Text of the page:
Peacekeeping (14 September 1947 to 28 February 2013) Back to Search

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About This Conflict

Australia has been a party to Peacekeeping operations since their inception in 1947, although generally on a small scale. Peacekeeping and Humanitarian Operations became a focus for Australia and its Defence Forces in the latter quarter of the 20th Century with a number of large scale deployments.  This commitment reflected widespread instability in the world, short of or following on from actual conflict.  While most have been under the auspices of the UN, others have been under other arrangements.  Peacekeeping Operations have taken Australian personnel to every corner of the globe, where they have distinguished themselves as professional, pragmatic and culturally aware people who are able to rapidly restore confidence, trust and order in traumatised communities.

Australia ended WW 2 as a medium sized power.  At war's end it had one of the largest airforces in the world, a substantial Navy and an Army that had proven to be masters of jungle warfare.  Australia had developed through necessity a greatly expanded industrial and technological capability.  The armed forces were quickly demobilised and Australia returned to a peace-time footing but with much greater confidence in its geopolitical surroundings.

Australia, largely through the drive and passion of its Foreign Affairs Minister Herbert 'Doc' Evatt, played a major role in the formation of the United Nations which was intended to prevent a repeat of the devastating World Wars.  As the Cold War and de-colonisation took hold across Australia's sphere of influence,  it was perhaps no surprise that Australia quickly found itself enmeshed in the first Peacekeeping operations.  On 14th September 1947 Australian peacekeepers deployed to the Dutch East Indies as Indonesian nationalists revolted against their former Colonial masters.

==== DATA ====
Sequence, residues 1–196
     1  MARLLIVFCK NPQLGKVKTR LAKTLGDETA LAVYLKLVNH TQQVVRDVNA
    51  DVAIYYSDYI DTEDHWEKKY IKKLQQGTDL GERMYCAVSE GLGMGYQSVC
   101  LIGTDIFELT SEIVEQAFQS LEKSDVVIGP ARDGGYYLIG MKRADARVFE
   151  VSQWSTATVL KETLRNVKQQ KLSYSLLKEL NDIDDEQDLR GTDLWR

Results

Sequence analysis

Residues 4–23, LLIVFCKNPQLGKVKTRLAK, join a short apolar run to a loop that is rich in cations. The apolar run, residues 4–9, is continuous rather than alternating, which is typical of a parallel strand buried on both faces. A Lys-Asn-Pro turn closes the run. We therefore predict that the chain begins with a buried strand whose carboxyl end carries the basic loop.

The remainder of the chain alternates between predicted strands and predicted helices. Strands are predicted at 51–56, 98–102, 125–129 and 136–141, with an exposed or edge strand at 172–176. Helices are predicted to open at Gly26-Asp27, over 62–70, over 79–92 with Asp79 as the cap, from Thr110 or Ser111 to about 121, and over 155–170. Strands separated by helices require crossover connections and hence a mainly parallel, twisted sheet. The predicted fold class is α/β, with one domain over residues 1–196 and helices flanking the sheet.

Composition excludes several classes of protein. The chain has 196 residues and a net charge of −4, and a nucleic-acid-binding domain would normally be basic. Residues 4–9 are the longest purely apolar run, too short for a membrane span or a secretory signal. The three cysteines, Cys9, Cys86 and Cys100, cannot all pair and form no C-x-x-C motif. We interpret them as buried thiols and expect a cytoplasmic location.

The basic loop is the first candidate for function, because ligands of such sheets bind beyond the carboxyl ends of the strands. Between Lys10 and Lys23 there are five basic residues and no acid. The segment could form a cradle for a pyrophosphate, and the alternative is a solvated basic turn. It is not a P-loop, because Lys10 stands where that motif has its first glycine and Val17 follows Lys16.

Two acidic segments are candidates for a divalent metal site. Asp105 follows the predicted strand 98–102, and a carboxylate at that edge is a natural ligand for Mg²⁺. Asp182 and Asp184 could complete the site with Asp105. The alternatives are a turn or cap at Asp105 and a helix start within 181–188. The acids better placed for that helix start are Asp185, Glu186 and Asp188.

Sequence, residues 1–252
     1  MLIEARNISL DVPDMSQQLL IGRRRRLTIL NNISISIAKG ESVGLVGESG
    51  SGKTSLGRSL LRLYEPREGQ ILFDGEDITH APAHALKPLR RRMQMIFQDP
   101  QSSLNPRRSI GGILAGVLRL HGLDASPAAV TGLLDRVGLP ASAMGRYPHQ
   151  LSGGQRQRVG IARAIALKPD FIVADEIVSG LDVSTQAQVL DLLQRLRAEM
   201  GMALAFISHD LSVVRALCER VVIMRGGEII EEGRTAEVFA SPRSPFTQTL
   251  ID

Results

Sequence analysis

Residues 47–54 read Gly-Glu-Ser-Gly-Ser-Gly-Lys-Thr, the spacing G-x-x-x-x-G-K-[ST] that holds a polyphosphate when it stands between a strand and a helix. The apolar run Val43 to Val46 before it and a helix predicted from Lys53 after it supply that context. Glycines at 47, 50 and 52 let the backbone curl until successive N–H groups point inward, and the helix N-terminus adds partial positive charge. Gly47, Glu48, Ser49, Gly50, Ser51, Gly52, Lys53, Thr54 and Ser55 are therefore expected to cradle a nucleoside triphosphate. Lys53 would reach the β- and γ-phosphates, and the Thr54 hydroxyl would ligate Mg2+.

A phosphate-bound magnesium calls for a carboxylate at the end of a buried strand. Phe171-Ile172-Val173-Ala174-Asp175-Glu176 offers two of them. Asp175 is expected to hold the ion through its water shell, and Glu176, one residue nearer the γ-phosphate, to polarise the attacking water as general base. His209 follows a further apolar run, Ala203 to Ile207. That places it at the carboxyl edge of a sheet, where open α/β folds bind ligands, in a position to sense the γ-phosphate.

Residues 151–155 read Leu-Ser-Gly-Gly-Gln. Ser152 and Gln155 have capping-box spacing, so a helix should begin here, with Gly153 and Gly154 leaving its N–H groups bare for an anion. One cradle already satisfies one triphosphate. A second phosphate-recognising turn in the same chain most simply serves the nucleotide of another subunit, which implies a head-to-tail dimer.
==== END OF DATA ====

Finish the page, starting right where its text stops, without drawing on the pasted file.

Thus began a history of Australian service in the world's trouble spots, most often under a UN 'Mandate' but also under various other arrangements put in place to either establish, make or keep the peace between warring parties.  These early deployments tended to be of small teams of individuals in locations such as Kashmir, the Middle East and Africa (Commonwealth Monitoring Group Rhodesia  / Zimbabwe).

Police personnel have also deployed on Peacekeeping duties, notably to Cyprus in the 1960s and 70s and more recently in SE Asia and the SW Pacific.

It was not until the late 1980s that Australia began fielding large contingents of troops, commencing in Namibia and then in quick succession Cambodia, Somalia (Operation Restore Hope) and Rwanda, culminating in 1999 with Australia assuming responsibility for a stabilisation mission in East Timor on an unprecedented scale that finally concluded in late 2012. Operations in the SW Pacific concluded in 2013.

South Australian personnel have figured in most of these operations.  

South Australians have historically made up a disproportionately large share of the military's specialist medical personnel.  There is a strong tradition of Reserve service among South Australia‚Äôs medical professionals and para-professionals.  They are called on in many Defence and civil emergencies from combat deployments to Emergency Relief operations such as the Bali Bombings, the Sumatran Tsunami in 2005 and in the wake of various extreme weather events in the SW Pacific. 

South Australians have served in the Regular and Reserve  Force contingents deployed to trouble spots.   The Adelaide 3rd Forward General Hospital deployed to East Timor as a formed unit in 2005.  Most recently Reserve personnel from the Adelaide based 9th Brigade have made a significant contribution to operations in Timor Leste and Operation Anode in the Solomon Islands since 2008.  

 

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